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The Boeing 777-300ER (Triple Seven) is one of the largest and heaviest twin-engine commercial aircraft. Impressively large and powerful are also the two GE90-115B engines, each delivering up to 512 kN thrust. In the 'ER' version, the Triple Seven can carry nearly 400 passengers up to 13,600 km. It is the first Boeing aircraft to be equipped with a Fly By Wire system.
The autopilot and flight director Mode Control Panel (MCP) in the Boeing 777 is located in the glare shield and is the human machine interface to the flight guidance system of this airliner. The autopilot of the B777 works similarly to the B747.
The MCP of this Boeing aircraft can be be split into several regions:
Auto Throttle, Speed, Heading, Vertical Speed, Altitude, Approach and Autopilot Masters
Overview of the buttons, switches and knobs:
The Flight Mode Annunciator (FMA) can be found at the top of the primary flight display (PFD). From left to right it indicates:
Directly underneath the status of the autopilot (CMD) and flight director (FD) are displayed as follows. When the autopilot is in control CMD is displayed above the attitude indicator. When all three autopilots are engaged for landing “LAND 3” is displayed. When no autopilot is active but the flight director left or right are still on the text “FD” is shown. When both flight directors are off as well as all autopilots no label is shown and the flight mode annunciator lateral and vertical modes vanish.
On the very far left and right of the MCP there are two switches for the Flight Director (F/D). They control the visibility of the flight directors on the Primary Flight Displays (PFDs) for each side.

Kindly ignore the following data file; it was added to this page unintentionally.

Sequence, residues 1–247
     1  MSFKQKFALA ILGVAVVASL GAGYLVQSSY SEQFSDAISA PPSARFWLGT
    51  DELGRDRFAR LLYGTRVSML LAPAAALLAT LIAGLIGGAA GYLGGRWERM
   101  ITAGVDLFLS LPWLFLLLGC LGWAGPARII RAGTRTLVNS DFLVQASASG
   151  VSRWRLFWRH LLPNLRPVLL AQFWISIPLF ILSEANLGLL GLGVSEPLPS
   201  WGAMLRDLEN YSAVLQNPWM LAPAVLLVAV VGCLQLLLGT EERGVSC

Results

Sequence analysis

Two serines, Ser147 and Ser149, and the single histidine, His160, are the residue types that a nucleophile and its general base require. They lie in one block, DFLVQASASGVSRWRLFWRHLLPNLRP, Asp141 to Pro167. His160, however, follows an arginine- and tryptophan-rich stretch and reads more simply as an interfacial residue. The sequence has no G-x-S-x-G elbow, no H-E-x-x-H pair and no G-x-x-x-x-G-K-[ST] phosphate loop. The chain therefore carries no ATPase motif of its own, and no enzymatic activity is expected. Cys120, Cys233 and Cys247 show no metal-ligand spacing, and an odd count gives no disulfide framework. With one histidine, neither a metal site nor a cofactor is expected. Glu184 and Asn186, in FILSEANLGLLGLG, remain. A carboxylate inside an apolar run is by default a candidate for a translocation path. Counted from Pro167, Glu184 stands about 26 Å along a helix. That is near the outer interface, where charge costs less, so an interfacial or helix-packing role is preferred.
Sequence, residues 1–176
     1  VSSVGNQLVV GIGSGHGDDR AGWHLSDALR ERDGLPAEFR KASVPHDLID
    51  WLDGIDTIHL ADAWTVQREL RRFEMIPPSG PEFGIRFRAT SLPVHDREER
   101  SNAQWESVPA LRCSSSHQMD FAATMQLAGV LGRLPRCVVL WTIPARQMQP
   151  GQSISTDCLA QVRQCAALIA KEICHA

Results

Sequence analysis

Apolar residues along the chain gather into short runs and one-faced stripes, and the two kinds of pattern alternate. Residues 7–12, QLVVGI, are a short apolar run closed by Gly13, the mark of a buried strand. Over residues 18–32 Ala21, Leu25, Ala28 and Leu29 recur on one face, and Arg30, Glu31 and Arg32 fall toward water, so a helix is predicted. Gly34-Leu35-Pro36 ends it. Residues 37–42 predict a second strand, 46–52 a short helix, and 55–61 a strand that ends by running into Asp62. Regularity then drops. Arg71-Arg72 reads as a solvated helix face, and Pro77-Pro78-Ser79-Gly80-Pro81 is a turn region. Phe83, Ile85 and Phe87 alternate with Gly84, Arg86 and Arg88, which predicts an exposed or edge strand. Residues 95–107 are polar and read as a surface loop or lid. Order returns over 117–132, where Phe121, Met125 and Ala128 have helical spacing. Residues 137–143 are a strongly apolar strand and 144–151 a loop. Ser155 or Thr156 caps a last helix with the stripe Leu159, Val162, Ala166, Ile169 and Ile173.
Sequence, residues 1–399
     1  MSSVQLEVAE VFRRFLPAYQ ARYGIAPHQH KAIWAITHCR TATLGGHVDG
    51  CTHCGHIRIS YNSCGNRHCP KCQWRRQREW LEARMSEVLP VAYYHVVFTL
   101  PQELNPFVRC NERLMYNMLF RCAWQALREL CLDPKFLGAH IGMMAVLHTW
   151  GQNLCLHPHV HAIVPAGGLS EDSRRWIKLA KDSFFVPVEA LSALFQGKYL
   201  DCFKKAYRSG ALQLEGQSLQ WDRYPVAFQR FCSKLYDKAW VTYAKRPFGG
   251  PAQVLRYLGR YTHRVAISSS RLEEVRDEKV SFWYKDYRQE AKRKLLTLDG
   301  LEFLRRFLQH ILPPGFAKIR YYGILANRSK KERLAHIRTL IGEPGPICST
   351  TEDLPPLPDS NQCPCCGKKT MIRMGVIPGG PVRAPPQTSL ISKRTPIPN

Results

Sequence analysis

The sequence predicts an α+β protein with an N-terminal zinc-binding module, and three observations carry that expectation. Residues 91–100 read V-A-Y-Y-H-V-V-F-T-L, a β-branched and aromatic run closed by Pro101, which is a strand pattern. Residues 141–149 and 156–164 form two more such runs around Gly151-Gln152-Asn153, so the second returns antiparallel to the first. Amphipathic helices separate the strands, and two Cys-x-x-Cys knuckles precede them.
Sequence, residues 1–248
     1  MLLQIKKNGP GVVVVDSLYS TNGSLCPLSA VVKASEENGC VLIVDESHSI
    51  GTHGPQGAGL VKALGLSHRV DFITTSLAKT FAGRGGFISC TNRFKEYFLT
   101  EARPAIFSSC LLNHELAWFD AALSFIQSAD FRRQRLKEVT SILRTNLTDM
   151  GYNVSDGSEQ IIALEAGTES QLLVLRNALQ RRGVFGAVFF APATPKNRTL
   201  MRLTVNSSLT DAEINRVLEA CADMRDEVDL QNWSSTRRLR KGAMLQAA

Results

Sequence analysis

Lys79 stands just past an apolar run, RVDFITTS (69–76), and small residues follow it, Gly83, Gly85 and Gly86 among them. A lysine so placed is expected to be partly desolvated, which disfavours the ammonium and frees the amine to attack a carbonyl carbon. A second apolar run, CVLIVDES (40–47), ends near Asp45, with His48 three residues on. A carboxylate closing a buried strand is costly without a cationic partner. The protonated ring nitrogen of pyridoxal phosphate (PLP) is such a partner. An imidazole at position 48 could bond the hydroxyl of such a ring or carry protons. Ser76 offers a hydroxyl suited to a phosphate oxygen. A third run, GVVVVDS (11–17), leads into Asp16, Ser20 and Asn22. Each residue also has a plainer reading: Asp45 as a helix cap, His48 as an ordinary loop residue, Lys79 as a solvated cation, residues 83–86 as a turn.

When the first flight director is set to ON or the autopilot is engaged with the flight directors in the OFF position, the basic lateral and vertical mode are selected automatically.
On the ground the lateral and vertical modes TO/GA are selected. These guide the aircraft wings level and to the MCP speed + 10kts for takeoff.
The basic lateral mode is wings level (LVL) or bank hold (ATT) depending if the current bank angle is above 6° to either side. Wings level (LVL) is followed by heading hold (HDG HOLD) as soon as the bank angle is reduced to zero and the present heading at that time is maintained.
Vertically the basic mode is Vertical Speed hold (VS)
Lateral modes are controlling the aircraft's bank angle to steer the aircraft across the map left and right. One by one we are now going through all lateral modes that the Boeing 777 offers. But first let us visit the BANK LIMIT selector
In most Boeing aircraft the pilot has the option to reduce the maximum bank angle of the aircraft when the autopilot is flying a turn. Available options in the Boeing 777 are: 25, 20, 15, 10 and 5 degrees and AUTO. In AUTO the flight director chooses it's own value, in the Aerofly this currently (as of 7th August 2017) is always 25 degrees.
Note - This is purely optional. If you leave it in AUTO you won't overshoot a turn and you turn around the quickest way possible (currently).
Attitude hold, or rather bank hold, since this is only a lateral mode, maintains the bank angle at engagement. To enter this mode the flight director has to be activated in the air above 6 degrees of bank. This is typically not a mode you would fly in for longer time.
LVL, HDG HOLD